Last updated: July 29. 2014 5:25PM - 273 Views
By - mechelberry@civitasmedia.com



State Rep. Jeff McClain (left) spoke to locals last week. (Inquirer photo/Matt Echelberry)
State Rep. Jeff McClain (left) spoke to locals last week. (Inquirer photo/Matt Echelberry)
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State Representative Jeff McClain (R-District 87) visited Galion on July 22 for a town hall meeting. It was scheduled for two hours, and with all of the questions and topics attendees brought up, the meeting lasted every bit of it.


Topics included gun rights, in which one attendee asked McClain to take a leadership role in making common sense reform; Ohio’s rollback on renewable energy; women’s reproductive health; and the initiative of health department accreditation.


In what was perhaps the most engaging portion of the discussion, one citizen brought up the fact that the government makes it too easy for people NOT to work because of unemployment and other welfare programs.


McClain responded that the state does need to change the incentives. He recalled that in one of his visits to Bill Stepro’s government class at Galion High School, he was asked how he got to where he is today. After explaining the various jobs he has worked over the years, starting with baling hay, one student said: ‘I wouldn’t do that. That’s beneath me.’”


He pointed out that work ethic is a generational issue.


Sean Leuthold, judge of Crawford County Municipal Court, added that public assistance programs are being abused. According to him, it is often used to finance drug use and drug dealing. He pointed out that many of the recent drug busts in the county had one thing in common: The offenders were on some type of public assistance.


“$10-15 million was spent on heroin in our county last year. It came from somewhere,” Leuthold concluded.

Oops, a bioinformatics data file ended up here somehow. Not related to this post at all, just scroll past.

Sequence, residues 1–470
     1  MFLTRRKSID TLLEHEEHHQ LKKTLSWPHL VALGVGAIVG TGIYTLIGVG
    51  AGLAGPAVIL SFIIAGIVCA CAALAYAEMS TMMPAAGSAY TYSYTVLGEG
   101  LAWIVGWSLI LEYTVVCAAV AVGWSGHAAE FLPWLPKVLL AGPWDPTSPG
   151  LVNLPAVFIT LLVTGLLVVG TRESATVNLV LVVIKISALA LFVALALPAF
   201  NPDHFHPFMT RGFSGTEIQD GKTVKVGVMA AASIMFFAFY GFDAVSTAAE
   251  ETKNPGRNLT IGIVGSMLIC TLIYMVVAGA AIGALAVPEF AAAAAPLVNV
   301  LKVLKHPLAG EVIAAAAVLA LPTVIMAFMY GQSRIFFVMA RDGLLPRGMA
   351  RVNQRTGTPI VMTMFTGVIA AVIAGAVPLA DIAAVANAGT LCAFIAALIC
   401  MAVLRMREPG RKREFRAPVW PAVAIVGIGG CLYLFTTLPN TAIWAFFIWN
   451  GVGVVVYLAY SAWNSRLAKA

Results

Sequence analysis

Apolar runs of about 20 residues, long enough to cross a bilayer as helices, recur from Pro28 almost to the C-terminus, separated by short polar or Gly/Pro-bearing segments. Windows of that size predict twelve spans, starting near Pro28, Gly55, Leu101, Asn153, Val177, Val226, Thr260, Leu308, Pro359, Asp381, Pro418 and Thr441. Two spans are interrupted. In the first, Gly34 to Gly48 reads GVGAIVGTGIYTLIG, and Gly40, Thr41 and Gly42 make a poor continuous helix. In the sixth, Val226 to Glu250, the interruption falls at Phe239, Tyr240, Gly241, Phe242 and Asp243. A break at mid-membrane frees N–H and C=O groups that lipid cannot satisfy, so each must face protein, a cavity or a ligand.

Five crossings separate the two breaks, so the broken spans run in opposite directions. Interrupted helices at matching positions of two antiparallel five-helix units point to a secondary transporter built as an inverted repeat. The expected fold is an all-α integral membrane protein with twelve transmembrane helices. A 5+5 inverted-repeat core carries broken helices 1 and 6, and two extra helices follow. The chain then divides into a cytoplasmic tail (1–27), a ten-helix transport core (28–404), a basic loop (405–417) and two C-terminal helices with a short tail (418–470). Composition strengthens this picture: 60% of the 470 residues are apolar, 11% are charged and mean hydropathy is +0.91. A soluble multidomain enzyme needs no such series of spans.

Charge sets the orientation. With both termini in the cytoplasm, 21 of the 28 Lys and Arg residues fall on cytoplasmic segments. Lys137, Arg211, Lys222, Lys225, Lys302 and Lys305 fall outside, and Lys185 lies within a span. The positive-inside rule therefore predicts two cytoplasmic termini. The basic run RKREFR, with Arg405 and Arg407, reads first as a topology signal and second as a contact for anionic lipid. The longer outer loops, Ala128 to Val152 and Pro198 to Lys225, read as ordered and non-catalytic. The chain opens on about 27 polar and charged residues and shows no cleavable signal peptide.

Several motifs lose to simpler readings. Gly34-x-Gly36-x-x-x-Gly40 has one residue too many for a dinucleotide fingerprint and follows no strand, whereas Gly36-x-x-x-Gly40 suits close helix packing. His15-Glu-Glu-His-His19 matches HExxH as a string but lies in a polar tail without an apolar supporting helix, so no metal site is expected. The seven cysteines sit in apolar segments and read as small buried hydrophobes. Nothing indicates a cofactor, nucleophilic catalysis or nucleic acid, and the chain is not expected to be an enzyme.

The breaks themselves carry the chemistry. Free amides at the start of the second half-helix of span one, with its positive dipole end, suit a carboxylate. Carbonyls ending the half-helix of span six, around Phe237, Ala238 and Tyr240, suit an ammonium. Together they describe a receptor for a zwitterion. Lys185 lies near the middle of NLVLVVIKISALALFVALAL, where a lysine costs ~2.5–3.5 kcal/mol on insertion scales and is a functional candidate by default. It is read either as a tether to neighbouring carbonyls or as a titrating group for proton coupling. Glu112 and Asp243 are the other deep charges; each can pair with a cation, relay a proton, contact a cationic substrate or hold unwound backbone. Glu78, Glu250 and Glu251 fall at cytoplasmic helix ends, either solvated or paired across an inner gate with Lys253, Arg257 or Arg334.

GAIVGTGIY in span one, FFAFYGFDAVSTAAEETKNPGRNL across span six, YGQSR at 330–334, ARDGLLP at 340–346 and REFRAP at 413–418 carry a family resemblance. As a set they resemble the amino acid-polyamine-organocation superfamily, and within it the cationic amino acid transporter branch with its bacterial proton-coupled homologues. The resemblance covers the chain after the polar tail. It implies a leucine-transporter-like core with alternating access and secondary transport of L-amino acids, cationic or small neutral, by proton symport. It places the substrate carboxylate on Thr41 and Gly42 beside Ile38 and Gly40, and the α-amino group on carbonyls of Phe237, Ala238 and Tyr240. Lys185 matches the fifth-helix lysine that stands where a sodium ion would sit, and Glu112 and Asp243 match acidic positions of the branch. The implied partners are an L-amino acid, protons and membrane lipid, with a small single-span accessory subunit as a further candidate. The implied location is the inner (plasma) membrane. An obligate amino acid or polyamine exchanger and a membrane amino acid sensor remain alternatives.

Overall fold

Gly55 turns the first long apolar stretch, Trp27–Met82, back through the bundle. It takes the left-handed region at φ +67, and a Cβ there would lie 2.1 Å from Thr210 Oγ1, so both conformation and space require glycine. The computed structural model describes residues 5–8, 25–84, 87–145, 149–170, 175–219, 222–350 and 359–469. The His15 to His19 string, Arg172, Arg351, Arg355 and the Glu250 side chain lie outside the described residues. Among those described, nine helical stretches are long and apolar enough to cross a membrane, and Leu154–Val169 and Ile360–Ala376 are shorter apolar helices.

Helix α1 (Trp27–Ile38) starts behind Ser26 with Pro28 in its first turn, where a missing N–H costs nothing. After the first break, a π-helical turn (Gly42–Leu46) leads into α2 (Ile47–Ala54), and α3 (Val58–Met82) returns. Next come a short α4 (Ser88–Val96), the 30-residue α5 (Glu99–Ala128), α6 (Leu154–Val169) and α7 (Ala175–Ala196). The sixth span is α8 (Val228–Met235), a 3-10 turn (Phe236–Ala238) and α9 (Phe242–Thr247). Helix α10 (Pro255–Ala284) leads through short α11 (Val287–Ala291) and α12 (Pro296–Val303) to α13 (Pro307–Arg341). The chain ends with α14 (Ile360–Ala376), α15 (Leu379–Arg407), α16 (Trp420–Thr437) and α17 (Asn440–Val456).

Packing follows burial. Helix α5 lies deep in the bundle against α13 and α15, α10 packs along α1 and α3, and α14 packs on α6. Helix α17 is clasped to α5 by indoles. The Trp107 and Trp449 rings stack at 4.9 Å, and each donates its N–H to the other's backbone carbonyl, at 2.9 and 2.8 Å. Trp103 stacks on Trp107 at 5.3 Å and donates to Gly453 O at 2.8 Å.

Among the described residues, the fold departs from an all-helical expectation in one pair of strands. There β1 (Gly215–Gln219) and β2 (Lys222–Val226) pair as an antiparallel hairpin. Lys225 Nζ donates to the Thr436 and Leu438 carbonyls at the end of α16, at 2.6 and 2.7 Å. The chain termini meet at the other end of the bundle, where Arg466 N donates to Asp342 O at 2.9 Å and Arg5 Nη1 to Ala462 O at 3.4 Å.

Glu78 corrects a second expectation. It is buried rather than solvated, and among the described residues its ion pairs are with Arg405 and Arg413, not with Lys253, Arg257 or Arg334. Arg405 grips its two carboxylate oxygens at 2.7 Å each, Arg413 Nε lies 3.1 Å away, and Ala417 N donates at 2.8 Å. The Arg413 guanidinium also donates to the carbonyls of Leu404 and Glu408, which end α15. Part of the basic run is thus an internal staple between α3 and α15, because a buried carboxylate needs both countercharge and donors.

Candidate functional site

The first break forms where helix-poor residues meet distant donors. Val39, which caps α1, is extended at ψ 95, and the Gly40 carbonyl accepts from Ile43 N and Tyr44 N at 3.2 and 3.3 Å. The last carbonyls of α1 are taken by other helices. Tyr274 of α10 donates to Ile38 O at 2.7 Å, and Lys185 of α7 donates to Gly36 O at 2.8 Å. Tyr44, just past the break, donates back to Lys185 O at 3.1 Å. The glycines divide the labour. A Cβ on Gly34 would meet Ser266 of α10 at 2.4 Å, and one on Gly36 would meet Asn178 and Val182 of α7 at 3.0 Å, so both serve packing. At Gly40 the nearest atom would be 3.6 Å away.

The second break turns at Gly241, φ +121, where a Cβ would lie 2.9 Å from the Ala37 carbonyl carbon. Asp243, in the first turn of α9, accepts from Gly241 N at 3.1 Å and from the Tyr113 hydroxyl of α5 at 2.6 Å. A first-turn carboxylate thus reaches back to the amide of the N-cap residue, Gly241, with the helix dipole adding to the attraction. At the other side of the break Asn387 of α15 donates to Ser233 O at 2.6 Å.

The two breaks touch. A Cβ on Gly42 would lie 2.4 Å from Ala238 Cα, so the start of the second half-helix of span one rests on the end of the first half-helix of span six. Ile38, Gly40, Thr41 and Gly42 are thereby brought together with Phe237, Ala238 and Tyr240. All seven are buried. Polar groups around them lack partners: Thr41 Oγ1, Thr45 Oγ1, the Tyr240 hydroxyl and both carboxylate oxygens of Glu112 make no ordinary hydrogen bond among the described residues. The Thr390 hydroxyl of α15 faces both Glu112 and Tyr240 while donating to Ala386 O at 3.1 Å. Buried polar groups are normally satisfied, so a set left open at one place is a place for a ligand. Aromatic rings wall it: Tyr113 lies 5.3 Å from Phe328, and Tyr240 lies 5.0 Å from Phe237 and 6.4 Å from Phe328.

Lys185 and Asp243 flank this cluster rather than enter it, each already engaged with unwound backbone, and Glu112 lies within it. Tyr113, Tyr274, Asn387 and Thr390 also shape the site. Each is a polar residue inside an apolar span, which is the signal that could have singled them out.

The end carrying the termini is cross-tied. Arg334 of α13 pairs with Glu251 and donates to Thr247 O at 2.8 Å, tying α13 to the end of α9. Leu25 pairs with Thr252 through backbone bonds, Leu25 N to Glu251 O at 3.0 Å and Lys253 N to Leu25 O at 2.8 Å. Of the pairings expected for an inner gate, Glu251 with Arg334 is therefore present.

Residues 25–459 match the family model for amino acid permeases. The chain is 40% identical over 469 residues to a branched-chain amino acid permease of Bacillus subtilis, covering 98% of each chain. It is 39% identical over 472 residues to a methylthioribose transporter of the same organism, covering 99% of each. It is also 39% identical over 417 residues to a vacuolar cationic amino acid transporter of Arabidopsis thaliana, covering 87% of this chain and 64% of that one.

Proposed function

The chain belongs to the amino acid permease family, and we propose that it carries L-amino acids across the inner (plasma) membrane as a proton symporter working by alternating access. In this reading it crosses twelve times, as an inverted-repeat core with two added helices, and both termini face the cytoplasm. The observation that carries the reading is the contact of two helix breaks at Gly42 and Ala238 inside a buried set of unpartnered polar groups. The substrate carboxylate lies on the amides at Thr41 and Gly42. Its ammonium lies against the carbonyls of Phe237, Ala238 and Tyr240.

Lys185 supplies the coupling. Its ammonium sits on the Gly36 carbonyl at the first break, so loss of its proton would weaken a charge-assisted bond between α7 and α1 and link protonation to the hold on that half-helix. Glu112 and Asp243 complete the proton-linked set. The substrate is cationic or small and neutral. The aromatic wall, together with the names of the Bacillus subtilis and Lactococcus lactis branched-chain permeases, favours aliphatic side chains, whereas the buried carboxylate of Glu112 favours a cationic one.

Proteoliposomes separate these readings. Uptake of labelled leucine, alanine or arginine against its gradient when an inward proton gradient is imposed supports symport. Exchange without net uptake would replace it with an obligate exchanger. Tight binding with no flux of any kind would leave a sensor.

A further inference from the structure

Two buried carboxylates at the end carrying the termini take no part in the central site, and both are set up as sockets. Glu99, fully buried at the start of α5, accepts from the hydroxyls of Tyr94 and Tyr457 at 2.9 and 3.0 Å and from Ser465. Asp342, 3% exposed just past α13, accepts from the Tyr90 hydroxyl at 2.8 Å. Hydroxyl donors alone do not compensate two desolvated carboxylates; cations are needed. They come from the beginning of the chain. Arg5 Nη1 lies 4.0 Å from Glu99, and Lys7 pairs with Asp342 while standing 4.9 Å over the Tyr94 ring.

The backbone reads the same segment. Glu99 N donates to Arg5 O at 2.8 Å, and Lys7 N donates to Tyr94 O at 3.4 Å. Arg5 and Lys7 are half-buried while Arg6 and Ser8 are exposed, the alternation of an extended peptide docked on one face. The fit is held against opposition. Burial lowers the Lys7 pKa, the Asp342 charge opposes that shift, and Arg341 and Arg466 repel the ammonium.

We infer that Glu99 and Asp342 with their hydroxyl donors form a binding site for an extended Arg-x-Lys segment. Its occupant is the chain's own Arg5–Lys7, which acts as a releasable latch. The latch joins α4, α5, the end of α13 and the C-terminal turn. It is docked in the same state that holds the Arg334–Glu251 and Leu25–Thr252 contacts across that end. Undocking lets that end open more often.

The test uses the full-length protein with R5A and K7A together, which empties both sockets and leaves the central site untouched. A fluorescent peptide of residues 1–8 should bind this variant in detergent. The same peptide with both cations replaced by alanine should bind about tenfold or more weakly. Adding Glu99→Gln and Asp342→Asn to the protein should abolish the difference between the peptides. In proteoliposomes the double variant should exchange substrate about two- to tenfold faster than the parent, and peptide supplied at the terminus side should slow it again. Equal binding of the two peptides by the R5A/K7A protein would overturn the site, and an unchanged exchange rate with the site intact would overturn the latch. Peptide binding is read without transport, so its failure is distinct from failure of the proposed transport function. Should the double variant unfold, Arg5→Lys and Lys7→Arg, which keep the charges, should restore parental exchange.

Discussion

The discussion turned to how public assistance programs can be made more accountable, through required drug testing, proof of identification or using technology to track suspicious spending.


Speaking more specifically to employment needs, McClain noted that North Central State College is putting a satellite location in Bucyrus, with help from state funds. Also, legislators are constantly talking to educational institutions about how they are tailoring the curriculum to the needs of the workforce to give graduates the right skills for the job.


Also on the topic of drug abuse, Senate Bill 86 was discussed. Some were concerned about the short sentences that heroin dealers receive as a result of it. McClain emphasized the legislation was intended to clean up the “pill mills” that were fueling Ohio’s opiate epidemic; while opiate abuse has declined, addicts have moved on to heroin.


Leuthold suggested that the felony level for heroin offenses be increased in order to give judges more discretion on the sentencing. He added there are over 500 people in Crawford County who are on felony probation, and most are heroin-related cases.


That evening McClain received both praise and criticism. One citizen thanked him for his support of the developmental disabilities levy, but asked if more could be done. In Ohio, assistance is offered by each county, which has created an uneven level of service.


McClain responded that because Ohio is a Home Rule state, the down side is that it creates this type of imbalance. However, it is something the House needs to look at.


The criticism came as a result of his co-sponsoring House Bill 5. “That was a destructive thing to do,” a retired teacher told him. She asked if he planned to reopen discussions.


McClain said the state has no plans right now. He added that the problem was not in rural communities like Galion, but in larger cities. Despite some concerns, he maintained that collective bargaining was not going away entirely, and employee pensions were not part of the bill.


City Council President Carl Watt, who invited McClain to Galion, asked about the status of Local Government Funds.


McClain explained that when cuts were made to local government funding, the state had an $8 billion deficit. Counties and cities were forced to make extensive cuts over the last three-and-a-half years and the townships were especially burdened.


McClain said as a positive result, local governments are leaner and generally more efficient. Because the funding is tied to the state’s General Revenue Fund, it has increased as the GRF’s fortunes have increased.


Rep. Jeff McClain can be reached at his office at 614-644-6265.


State Senator Dave Burke, who also represents Crawford County, will visit Galion for a town hall meeting as well. It is scheduled for Aug. 26 at 6 p.m.

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